Metro Police Briefing

Police Sgt. Dan Dundas leads the morning shift change briefing Wednesday morning at Metro Coffee Co. in Casper. The department will occasionally be making its twice-daily briefings open to the public as part of a broader effort to foster closer connections with the community.

Alan Rogers, Star-Tribune

The Casper Police Department recently navigated a rough patch in which it faced criticism for its handling of sexual assault investigations and the public airing of morale problems. The difficult period culminated in the dismissal of Chief Jim Wetzel for reasons the city has not disclosed.

At that point, the department was faced with two choices: It could retreat inward, eroding the relationship between the public and the police, or it could embrace the community and work to strengthen that connection.

Police leaders made the right choice – to reach out – and they are demonstrating that with their actions. The department has recently launched an initiative that highlights the importance of building relationships with the public as they work to make our city safer. It’s called “Our Community,” and it includes a few elements:

Officers are now conducting some shift change briefings at local coffee shops, so the public can attend to find out what’s going on, and sometimes patrolling downtown on foot and bike, so community members can watch and interact with them. The department has also opened a new “soft room” specially designed to host interviews of sexual assault and domestic violence victims and help them feel more comfortable reporting crimes. Officers will also receive new training for conducting those interviews.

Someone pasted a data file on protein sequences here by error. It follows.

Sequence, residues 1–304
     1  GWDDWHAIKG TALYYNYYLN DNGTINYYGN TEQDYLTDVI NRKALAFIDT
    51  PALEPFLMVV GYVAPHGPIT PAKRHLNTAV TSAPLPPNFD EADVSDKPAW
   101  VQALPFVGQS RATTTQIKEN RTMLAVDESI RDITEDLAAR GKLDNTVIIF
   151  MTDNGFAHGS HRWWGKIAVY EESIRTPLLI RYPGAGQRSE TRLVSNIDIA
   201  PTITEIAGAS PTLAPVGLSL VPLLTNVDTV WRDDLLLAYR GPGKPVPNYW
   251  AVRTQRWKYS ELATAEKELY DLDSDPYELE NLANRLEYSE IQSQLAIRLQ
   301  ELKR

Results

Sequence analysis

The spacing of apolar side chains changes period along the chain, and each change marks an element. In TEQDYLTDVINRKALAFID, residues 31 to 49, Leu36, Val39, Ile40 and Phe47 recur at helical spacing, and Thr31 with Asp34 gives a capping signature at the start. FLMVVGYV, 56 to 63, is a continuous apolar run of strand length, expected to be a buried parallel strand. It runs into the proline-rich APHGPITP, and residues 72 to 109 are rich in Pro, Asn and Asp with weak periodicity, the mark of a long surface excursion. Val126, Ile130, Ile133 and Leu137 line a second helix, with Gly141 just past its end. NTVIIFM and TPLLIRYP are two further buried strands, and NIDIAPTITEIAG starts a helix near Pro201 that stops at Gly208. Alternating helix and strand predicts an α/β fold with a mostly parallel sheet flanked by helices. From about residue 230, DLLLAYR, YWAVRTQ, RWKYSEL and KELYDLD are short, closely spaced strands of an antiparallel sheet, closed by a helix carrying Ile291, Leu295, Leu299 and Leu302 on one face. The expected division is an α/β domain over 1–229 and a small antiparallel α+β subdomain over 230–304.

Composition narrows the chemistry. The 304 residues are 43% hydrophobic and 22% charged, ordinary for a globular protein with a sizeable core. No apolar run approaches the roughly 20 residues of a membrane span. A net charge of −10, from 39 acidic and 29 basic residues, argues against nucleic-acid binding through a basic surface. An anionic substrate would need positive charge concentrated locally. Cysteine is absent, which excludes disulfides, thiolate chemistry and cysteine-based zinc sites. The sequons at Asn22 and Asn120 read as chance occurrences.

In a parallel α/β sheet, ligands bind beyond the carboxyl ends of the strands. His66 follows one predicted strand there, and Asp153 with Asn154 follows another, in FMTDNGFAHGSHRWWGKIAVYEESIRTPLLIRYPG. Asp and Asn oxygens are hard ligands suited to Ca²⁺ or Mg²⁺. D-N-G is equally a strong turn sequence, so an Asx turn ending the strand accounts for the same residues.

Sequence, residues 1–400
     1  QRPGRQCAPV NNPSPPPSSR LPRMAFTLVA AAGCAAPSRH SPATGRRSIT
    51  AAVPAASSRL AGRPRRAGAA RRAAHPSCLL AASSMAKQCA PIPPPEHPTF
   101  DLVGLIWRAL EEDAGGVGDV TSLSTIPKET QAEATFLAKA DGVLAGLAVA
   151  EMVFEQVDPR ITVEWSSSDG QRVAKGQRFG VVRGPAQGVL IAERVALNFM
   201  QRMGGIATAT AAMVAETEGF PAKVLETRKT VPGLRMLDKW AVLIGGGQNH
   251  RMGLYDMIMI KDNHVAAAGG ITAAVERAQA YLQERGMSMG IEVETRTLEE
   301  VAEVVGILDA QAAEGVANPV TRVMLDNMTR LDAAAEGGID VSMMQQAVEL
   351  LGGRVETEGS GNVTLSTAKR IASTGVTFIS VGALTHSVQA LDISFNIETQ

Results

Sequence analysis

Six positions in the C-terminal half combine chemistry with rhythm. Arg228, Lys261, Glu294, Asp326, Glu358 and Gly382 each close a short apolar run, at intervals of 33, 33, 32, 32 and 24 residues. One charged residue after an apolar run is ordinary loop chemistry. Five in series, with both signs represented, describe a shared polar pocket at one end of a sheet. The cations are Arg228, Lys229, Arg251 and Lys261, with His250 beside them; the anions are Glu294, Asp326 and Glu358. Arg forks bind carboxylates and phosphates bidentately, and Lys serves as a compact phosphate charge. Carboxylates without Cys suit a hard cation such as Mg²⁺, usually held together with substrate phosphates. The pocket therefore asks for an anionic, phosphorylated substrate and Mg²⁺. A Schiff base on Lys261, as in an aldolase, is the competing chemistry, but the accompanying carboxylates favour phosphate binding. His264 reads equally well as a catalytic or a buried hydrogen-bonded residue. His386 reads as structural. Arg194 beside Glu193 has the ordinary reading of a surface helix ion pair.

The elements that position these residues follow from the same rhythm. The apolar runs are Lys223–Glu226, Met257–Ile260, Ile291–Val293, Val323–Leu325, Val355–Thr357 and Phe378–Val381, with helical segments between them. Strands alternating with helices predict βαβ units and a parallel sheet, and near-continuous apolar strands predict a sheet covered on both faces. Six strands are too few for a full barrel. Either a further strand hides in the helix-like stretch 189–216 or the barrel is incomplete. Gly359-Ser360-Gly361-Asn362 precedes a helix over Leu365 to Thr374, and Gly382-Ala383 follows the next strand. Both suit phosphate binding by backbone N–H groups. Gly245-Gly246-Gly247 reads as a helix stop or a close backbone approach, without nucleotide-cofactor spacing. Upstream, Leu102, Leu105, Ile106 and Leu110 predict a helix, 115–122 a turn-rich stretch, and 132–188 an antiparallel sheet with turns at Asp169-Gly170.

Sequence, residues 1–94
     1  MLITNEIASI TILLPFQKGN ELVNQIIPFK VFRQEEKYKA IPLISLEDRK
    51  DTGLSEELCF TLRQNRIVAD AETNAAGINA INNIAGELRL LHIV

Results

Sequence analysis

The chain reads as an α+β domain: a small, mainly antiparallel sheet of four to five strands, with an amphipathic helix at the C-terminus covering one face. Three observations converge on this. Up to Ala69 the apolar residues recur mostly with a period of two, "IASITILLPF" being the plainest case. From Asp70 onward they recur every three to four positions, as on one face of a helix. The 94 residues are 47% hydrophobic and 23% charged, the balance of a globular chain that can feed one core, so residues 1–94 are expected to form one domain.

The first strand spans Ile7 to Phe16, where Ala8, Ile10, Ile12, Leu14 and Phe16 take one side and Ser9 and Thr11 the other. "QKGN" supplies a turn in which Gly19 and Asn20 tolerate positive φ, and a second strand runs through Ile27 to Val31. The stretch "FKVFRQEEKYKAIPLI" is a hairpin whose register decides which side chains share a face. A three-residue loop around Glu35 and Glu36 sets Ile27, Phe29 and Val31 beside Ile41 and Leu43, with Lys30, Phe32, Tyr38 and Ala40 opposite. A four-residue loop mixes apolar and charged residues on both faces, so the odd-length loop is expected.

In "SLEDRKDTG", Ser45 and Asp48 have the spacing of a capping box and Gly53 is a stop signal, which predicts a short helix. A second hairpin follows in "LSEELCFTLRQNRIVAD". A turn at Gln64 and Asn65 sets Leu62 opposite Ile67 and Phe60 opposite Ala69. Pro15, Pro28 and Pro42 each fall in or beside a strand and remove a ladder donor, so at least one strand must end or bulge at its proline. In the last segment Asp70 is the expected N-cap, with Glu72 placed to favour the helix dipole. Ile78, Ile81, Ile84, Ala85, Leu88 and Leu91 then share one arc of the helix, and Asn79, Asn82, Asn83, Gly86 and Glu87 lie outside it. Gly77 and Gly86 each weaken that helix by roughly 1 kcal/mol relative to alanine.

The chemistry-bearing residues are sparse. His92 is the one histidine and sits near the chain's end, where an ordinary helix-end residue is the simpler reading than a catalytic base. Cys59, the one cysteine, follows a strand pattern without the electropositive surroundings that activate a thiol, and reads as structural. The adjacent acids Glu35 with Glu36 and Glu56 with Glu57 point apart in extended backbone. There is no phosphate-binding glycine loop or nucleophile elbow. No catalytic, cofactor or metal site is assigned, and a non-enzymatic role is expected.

The department has also created online forms so people can leave compliments and criticisms of officers. And officers are also showing up at more public events, creating opportunities to meet and interact with citizens.

All this positive action contrasts sharply with the situation in other cities, many of which have experienced a high-profile distancing between police and the public. Leaders here have made it clear that that’s not the outcome they’re seeking.

“We don’t wanna see that — the police against the community, the community against the police,” Interim Chief Steve Schulz told the Star-Tribune.

It’s heartening to see our department take a different approach and actively seek to improve how it interacts with members of the Casper community. We hope the person selected to be the department’s new chief is just as invested in maintaining that relationship.

After all, it is inherently not an easy one. Members of the public and the police officers who serve them often interact at difficult times – when people have either been accused of wrongdoing or are the victims of a crime. The new initiative aims to add positive interactions to that list. People can get to know an officer better over a cup of coffee, for example, or ask a question of an officer patrolling a downtown street on a bike.

But the positive benefits aren’t just one-way. Police officers, too, routinely encounter members of the public at low moments. These interactions have the potential to shift perspectives on both sides and build trust between officers and the community.

That trust is critical when it comes to addressing and deterring crime. It fosters a better, safer community for everyone. Casper police are to be congratulated for deciding to embrace the community they serve and putting in the hard work that requires.

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